It doesn’t take a rocket scientist to make a good website. Most clearly, internet development has come to the point where you can set up your own webpages instantly without much hassle. You can create your own webpage using any of the available social networks, such as Facebook.com, or if you want to make it more personal and private, you can use any available template and create your own website without knowing much about HTML, PHP, SQL and other technologies of website development.
However, if you are looking for a more complex web solution, it is probably a good idea to employ a decent web developer to do the job. A web developer or webmaster is someone who is responsible for your site development and maintenance. If it’s a simple webpage, the odds are you don’t need any maintenance at all, but what if you need an ecommerce solution, a fully-functional multi-featured e-store, where you sell goods and services. As sure as hell, you’re going to need 24/7 support for this.
As part of the business solution, you might want to look for the following benefits:
Technical audit. Website source code analysis and optimization. Analysis of databases and software used on the server side. A document is sent to a client that sums up all the website bottlenecks and available solutions. Prices and fix dates are also included.
Website usability testing. Professional usability tests are run on a website to see if it meets usability requirements. If not, recommendations are made as how to improve the website usability. These recommendations are presented in both text and visual formats.
Website drafting. Project map, element description, functional description, action plan, cost sheet, mockups, database structure, UML-diagrams, technical requirements.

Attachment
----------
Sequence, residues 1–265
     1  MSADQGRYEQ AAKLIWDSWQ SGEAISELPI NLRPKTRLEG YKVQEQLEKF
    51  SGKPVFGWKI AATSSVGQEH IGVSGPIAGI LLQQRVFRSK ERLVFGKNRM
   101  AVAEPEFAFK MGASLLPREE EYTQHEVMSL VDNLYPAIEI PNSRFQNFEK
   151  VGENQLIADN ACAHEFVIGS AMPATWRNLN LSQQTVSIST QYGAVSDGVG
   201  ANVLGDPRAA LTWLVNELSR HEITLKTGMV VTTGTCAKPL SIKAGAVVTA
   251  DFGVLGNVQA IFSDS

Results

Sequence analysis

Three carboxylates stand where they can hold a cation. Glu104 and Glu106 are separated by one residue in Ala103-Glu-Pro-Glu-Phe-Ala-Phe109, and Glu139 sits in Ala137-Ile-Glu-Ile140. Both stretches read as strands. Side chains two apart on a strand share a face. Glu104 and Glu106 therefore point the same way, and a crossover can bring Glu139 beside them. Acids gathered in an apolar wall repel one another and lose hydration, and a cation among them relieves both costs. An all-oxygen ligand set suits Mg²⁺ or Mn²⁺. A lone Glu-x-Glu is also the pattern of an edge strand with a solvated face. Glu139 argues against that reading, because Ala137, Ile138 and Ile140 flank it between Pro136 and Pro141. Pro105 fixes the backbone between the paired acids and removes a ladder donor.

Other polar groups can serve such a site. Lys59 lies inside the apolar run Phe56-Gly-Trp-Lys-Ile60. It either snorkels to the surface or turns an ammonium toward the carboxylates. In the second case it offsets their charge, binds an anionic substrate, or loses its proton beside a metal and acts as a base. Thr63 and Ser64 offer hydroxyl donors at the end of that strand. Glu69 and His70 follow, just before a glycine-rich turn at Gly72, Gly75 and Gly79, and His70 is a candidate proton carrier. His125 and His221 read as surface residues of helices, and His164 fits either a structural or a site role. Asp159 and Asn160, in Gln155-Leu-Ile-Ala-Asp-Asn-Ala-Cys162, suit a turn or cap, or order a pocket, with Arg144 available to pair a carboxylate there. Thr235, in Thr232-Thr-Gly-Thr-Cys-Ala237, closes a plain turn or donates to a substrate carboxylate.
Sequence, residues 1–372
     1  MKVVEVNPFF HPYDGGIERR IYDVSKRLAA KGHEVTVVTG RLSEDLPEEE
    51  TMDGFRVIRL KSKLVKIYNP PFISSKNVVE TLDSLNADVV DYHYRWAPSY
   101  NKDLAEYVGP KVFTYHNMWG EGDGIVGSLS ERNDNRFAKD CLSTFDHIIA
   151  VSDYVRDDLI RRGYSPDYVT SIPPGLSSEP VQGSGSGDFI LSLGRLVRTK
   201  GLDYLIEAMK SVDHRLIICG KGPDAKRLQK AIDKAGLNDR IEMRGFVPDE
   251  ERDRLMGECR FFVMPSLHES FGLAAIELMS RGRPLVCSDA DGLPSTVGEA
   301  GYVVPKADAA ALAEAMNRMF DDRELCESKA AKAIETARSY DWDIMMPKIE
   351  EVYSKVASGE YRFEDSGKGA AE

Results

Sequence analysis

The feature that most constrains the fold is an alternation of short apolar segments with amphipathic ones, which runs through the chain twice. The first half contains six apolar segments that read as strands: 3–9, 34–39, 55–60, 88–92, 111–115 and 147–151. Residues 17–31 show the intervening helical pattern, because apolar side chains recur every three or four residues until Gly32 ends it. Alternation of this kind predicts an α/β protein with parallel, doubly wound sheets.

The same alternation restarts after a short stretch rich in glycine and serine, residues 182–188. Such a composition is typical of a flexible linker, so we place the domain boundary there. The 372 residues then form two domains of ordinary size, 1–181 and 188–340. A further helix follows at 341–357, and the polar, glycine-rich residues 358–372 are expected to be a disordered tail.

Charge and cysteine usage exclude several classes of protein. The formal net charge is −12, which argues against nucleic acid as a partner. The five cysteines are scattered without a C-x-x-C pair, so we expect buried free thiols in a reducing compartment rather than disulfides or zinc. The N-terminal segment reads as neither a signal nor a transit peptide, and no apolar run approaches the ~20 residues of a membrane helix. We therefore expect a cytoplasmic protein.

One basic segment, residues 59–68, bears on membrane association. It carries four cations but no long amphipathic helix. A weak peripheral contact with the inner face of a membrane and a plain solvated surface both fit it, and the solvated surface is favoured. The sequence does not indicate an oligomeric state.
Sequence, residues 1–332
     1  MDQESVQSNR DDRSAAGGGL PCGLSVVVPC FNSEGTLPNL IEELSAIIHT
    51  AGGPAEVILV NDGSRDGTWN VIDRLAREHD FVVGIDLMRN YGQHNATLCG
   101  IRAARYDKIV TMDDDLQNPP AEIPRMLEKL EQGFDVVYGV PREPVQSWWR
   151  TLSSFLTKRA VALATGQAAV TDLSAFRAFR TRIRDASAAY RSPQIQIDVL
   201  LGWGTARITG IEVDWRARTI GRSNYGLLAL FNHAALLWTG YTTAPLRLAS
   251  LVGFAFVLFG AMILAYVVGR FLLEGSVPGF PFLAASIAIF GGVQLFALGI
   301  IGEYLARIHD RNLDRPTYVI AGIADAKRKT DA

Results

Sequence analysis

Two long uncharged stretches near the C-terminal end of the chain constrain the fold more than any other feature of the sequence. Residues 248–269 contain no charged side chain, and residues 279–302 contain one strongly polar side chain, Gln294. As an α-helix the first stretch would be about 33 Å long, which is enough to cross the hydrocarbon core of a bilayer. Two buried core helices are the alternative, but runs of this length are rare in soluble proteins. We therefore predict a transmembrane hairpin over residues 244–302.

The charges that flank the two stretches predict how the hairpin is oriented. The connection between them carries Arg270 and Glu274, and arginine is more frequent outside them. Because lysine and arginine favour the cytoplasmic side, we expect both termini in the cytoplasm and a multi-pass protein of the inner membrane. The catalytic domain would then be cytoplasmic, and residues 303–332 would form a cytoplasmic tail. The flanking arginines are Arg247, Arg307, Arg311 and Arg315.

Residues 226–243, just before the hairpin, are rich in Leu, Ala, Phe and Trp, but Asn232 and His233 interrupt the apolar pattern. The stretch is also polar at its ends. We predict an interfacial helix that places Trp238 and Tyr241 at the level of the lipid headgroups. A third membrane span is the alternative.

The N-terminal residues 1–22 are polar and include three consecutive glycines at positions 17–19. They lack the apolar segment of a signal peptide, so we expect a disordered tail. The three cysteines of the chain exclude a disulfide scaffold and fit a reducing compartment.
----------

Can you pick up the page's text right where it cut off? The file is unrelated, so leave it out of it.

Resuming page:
So how do you pick your web-developer? Let’s see. I own a website that sells English lesson plans. It’s a rather primitive website, but it does the job pretty well, sales are generated and money rolls right in. What do I need as an owner of this website? First thing off, I want to be able to make minor and sometimes major changes to the website. But I am not any good and HTML, and PHP is like Greek for me. Knowing this, my webmaster provides the easiest content management system (CMS), that even such a goof, as myself, can use without much trouble. So make sure, your website comes with a CMS.
Secondly, I want to make sure my website is easy to find on the web. This is where search engine optimization kicks in. You might want to ask your webmaster to fill the website with key words that will allow your potential customers to pick your site among similar websites.
Thirdly, the website should be easy to navigate and allow visitors to find information quickly. Can you do all of the above mentioned by yourself? If you are not quite so sure, it’s probably a wise decision to find a good web development studio, that will do the job for you at a fair price.
Author: Alexander Golishev